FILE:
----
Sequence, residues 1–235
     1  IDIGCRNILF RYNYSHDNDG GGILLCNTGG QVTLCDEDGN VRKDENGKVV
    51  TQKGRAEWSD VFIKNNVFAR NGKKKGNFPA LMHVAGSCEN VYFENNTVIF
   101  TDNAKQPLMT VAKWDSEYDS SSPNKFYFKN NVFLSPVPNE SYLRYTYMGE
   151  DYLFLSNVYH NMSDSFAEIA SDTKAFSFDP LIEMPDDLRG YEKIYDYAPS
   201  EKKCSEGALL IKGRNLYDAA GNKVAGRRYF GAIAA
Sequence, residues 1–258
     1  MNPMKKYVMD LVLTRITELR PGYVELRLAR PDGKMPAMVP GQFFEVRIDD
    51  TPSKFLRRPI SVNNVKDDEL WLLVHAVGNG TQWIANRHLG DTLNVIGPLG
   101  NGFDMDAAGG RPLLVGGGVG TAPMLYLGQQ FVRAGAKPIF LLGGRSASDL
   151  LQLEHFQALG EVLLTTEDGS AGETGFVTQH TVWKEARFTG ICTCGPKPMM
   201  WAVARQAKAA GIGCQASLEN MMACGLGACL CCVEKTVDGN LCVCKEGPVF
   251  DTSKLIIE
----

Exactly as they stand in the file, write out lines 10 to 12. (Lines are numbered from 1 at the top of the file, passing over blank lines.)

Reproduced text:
   101  NGFDMDAAGG RPLLVGGGVG TAPMLYLGQQ FVRAGAKPIF LLGGRSASDL
   151  LQLEHFQALG EVLLTTEDGS AGETGFVTQH TVWKEARFTG ICTCGPKPMM
   201  WAVARQAKAA GIGCQASLEN MMACGLGACL CCVEKTVDGN LCVCKEGPVF